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Injury. 2016 Mar;47(3):677-84. doi: 10.1016/j.injury.2015.10.055. Epub 2015 Oct 30.

The differential associations of preexisting conditions with trauma-related outcomes in the presence of competing risks.

Author information

1
Scripps Mercy Hospital, Trauma Services, San Diego, CA, USA; SDSU/UCSD Joint Doctoral Program in Public Health (Epidemiology), San Diego, CA, USA. Electronic address: calvo.richard@scrippshealth.org.
2
San Diego State University, Graduate School of Public Health, San Diego, CA, USA.
3
University of California, San Diego, Department of Family and Preventive Medicine, San Diego, CA, USA.
4
University of California, San Diego, Health System, Division of Biomedical Informatics, San Diego, CA, USA.
5
Scripps Mercy Hospital, Trauma Services, San Diego, CA, USA.

Abstract

INTRODUCTION:

Pre-existing chronic conditions (PECs) pose a unique problem for the care of aging trauma populations. However, the relationships between specific conditions and outcomes after injury are relatively unknown. Evaluation of trauma patients is further complicated by their discharge to care facilities, where mortality risk remains high. Traditional approaches for evaluating in-hospital mortality do not account for the discharge of at-risk patients, which constitutes a competing risk event to death. The objective of this study was to evaluate associations between 40 PECs and two clinical outcomes in the context of competing risks among older trauma patients.

METHODS:

This retrospective study evaluated blunt-injured patients aged 55 years and older admitted to a level I trauma centre in 2006-2012. Outcomes were hospital length of stay (HLOS) and in-hospital mortality. Survivors were classified as discharges home or discharges to care facilities. Competing risks regression was used to evaluate each PEC with in-hospital mortality, accounting for discharges to care facilities as competing events. Competing risk estimates were compared to Cox model estimates, for which all survivors to discharge were non-events. Analyses were stratified using injury-based mortality risk at a 50% cutpoint (high versus low).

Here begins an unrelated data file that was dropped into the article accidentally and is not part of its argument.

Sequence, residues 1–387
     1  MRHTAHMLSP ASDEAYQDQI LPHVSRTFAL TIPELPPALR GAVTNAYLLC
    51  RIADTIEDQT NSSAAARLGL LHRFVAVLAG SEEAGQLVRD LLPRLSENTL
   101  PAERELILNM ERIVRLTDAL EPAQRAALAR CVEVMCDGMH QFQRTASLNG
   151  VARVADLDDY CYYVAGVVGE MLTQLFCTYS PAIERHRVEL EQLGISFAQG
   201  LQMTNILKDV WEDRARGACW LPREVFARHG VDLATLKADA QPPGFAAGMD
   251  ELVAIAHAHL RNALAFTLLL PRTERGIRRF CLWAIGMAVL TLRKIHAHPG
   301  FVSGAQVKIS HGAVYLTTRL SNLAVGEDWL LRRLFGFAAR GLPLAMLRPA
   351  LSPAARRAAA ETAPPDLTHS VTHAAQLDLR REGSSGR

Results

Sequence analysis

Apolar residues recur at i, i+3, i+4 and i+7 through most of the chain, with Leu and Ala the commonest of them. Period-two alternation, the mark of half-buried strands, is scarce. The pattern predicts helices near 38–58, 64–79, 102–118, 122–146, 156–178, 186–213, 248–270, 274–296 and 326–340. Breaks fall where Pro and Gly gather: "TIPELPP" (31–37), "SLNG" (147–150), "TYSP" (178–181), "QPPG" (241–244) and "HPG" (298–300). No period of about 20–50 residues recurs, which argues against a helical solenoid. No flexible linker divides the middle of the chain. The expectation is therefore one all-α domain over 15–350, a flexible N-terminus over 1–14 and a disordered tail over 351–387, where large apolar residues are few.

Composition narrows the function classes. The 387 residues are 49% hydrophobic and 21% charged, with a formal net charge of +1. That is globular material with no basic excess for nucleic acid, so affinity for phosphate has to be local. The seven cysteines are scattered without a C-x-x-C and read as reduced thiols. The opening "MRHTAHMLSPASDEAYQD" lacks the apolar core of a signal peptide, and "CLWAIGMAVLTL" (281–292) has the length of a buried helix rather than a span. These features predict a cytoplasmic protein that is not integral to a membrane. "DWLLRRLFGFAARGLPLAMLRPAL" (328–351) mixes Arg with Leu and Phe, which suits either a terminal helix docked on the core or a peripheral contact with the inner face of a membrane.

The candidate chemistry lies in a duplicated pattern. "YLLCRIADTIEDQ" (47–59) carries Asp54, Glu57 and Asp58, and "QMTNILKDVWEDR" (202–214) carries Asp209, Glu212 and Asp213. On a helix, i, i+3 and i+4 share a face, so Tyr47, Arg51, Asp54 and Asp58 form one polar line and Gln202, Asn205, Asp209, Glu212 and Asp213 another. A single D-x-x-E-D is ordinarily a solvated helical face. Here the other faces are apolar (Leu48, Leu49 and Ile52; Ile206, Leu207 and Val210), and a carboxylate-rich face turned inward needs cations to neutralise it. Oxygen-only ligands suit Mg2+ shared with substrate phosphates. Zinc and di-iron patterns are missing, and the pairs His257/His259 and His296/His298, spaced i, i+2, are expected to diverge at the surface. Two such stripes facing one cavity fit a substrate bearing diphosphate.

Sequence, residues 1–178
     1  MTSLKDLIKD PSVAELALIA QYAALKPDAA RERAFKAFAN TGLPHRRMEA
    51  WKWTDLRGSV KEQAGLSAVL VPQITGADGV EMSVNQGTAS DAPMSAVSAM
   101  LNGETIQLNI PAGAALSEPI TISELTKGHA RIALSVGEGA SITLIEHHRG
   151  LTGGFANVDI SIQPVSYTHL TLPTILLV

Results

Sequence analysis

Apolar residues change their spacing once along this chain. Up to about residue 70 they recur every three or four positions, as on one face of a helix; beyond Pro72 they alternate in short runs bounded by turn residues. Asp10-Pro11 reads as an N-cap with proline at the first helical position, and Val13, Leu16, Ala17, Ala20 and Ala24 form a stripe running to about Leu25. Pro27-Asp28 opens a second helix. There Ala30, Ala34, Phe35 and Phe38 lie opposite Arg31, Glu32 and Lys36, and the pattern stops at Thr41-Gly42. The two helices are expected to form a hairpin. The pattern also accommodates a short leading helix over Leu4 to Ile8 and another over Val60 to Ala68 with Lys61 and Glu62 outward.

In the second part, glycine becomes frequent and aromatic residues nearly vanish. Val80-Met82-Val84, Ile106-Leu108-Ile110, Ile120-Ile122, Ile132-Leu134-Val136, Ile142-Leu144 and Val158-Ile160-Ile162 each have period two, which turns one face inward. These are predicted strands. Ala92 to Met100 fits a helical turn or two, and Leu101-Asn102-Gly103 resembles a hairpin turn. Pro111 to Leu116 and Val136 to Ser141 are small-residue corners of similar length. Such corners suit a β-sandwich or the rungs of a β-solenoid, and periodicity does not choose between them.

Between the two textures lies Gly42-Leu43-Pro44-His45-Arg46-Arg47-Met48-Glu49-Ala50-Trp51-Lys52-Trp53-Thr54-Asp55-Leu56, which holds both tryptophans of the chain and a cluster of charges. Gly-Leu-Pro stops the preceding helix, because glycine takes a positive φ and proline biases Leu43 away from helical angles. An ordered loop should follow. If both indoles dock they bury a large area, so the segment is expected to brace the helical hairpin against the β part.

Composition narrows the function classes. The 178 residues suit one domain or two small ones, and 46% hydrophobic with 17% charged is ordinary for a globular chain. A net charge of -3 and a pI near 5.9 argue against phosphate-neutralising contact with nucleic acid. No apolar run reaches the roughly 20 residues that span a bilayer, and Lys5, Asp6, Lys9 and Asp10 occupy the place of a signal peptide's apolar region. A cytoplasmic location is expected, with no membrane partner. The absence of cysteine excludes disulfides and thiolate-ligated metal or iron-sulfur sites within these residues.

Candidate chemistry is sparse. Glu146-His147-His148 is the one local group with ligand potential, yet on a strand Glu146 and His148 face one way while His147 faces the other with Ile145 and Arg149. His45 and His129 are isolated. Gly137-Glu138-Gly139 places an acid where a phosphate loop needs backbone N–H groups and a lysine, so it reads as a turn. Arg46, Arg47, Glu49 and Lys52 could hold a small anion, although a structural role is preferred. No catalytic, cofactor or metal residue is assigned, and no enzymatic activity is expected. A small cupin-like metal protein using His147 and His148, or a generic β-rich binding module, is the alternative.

RESULTS:

Among 4653 patients, 176 died in-hospital, 3059 were discharged home, and 1418 were discharged to a care facility. Most patients (98%) were classified with a low mortality risk. Only haemophilia and coagulopathy were consistently associated with longer HLOS. In the low-risk subgroup, in-hospital mortality was most strongly associated with liver diseases, haemophilia, and coagulopathy. In the high-risk group, Parkinson's disease, depression, and cancers showed the strongest associations. Accounting for the competing event altered estimates for 12 of 19 significant conditions.

CONCLUSIONS:

Excess mortality among patients expected to survive their injuries may be attributable to complications resulting from PECs. Discharges to care facilities constitute a bias in the evaluation of in-hospital mortality and should be considered for the accurate calculation of risk. In conjunction with injury measures, consideration of PECs provides physicians with a foundation to plan clinical decisions in older trauma patients.

KEYWORDS:

Aging; Competing risk; Length of stay; Mortality; Preexisting conditions; Trauma; Triage criteria

PMID:
26684173
DOI:
10.1016/j.injury.2015.10.055
[Indexed for MEDLINE]

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